The “Croods” sequel — which features the voices of Emma Stone, Kelly Marie Tran and Ryan Reynolds — would open at No. 1 over the five-day holiday weekend, bringing in $14.2 million. The number was a distant echo of the usual holiday grosses, but considering only 38% of North American cinemas were open, it was a respectable result. The movie didn’t stop there. Week after week it racked up slow and steady grosses. That endurance impressed industry observers, because not only was the nation gripped by a public health catastrophe, but the film was also available for digital rental at the same time it was in theaters. To date, “The Croods: A New Age” has earned more than $160 million worldwide.
“It’s still in theaters, and it’s still making money. It shows you that families really want quality entertainment that they can enjoy together,” says Cohn. “I love me some ‘Wonder Woman,’ but our box office is bigger than hers. That’s a testament to what people are looking for.”
DWA has also been the benefactor of NBCUniversal’s still-undefined battle plan for the streaming wars. Though the division does mount productions for the Comcast-owned Peacock service, 2020 saw DWA launch programming for Apple TV Plus and Hulu and continue fulfilling an overall animation deal at Netflix. The company’s recent releases include “Kipo and the Age of Wonderbeasts,” “Wizards,” “Jurassic World Camp Cretaceous,” “Gabby’s Dollhouse” and “Madagascar: A Little Wild.” Thanks to the largely digital nature of animation production, Cohn estimates that DWA spent only about a week in the dark after the country stopped going to the office.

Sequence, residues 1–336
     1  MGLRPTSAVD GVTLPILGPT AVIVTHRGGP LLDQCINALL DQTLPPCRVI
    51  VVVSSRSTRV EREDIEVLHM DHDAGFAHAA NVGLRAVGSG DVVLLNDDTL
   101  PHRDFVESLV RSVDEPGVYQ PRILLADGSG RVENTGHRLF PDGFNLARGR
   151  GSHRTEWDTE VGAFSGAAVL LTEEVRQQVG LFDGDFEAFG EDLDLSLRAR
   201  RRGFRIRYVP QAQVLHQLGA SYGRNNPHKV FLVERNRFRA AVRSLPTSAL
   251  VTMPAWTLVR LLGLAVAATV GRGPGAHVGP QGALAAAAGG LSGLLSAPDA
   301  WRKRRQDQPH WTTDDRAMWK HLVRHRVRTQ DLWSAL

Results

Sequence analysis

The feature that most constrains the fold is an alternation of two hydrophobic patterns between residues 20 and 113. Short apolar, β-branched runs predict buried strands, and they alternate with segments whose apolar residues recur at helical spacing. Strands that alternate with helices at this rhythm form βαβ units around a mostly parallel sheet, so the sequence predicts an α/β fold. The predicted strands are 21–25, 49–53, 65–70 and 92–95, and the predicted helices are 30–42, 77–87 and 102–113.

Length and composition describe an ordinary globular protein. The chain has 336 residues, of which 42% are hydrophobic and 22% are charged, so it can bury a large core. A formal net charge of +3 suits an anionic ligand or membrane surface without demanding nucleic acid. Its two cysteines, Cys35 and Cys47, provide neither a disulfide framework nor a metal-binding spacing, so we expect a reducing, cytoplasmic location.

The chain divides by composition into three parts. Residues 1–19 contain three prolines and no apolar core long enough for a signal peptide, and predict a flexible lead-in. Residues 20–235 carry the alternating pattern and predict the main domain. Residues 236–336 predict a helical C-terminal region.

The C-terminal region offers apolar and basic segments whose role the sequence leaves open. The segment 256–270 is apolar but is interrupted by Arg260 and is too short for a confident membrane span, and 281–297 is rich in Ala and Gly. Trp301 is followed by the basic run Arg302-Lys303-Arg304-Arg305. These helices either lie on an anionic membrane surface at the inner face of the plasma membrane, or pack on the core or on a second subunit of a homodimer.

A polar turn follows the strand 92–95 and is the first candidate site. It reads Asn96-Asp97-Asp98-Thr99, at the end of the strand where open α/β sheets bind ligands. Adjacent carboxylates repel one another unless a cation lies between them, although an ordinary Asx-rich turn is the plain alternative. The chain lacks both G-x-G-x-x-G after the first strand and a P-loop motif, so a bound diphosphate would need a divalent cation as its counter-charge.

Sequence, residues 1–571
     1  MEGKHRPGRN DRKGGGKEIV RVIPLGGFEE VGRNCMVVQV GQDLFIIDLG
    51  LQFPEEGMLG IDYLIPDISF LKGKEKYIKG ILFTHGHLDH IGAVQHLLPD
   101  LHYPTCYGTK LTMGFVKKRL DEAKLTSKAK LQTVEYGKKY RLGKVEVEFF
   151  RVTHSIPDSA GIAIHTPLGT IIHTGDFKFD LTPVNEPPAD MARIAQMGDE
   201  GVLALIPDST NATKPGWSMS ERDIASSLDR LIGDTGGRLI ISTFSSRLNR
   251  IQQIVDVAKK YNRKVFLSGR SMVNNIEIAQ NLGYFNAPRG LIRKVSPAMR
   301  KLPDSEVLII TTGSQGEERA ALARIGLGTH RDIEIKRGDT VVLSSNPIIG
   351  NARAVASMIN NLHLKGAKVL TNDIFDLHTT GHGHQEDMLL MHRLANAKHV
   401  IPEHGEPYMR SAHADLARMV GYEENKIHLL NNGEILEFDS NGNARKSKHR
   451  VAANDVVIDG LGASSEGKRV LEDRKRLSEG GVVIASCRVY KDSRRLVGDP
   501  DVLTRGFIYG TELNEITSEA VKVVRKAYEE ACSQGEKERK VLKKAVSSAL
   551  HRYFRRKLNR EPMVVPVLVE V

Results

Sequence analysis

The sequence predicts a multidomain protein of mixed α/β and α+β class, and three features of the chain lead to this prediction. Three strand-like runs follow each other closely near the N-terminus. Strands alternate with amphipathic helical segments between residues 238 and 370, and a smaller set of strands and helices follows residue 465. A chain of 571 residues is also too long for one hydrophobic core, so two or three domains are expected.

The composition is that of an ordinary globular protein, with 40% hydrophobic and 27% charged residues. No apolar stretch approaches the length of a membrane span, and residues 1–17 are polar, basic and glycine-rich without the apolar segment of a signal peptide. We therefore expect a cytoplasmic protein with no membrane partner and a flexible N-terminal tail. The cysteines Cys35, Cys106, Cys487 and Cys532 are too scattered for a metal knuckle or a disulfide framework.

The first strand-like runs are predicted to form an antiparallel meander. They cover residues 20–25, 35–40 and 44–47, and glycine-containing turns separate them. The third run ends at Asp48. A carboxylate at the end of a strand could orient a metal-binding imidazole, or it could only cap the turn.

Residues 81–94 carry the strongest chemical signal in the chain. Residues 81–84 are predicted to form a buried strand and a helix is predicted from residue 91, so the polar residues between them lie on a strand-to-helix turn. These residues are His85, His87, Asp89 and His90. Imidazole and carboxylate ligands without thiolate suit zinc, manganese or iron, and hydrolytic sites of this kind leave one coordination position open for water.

“We were very lucky,” says Peter Gal, DreamWorks Animation’s chief creative officer in TV. “Our studio was in a great place, and we had really experienced people who had worked together for years. I think that helped a lot with the transition to work from home and keeping our production teams happy and engaged.”
The division has more than 20 active series in production and is anticipating that the number will grow in the coming months. While it continues to provide content for competitors, DWA points specifically to the resonance of “Camp Cretaceous” in offering new ways to tap into enthusiasm for the “Jurassic
DWA is also in exploratory talks about live action-animation hybrid projects and is engaged with creatives on how to enter the booming adult animation space, creating its own version of a “Sausage Party” or “Big Mouth.” In addition, it will mine other Universal Pictures series for spinoff projects in the vein of “Camp Cretaceous.”
“We’ve been concentrating on building our pipeline of movies to build new franchises. That’s the future, and we’ve already staked out a few release dates. What, in this highly competitive world, should DreamWorks Animation be doing? By 2022, you’ll start seeing what our plans are,” Cohn says.
Having adapted to this new world, Cohn is still looking forward to the day DWA can return to the office.
“One of the things DreamWorks is all about is its culture. The people in charge of campus and communications and leadership training, they were so busy. We didn’t stop doing all of that, but we couldn’t be with each other,” she says, lamenting the plight of the juniors in her corporate family, “especially the young people who are mentored by being in the room.”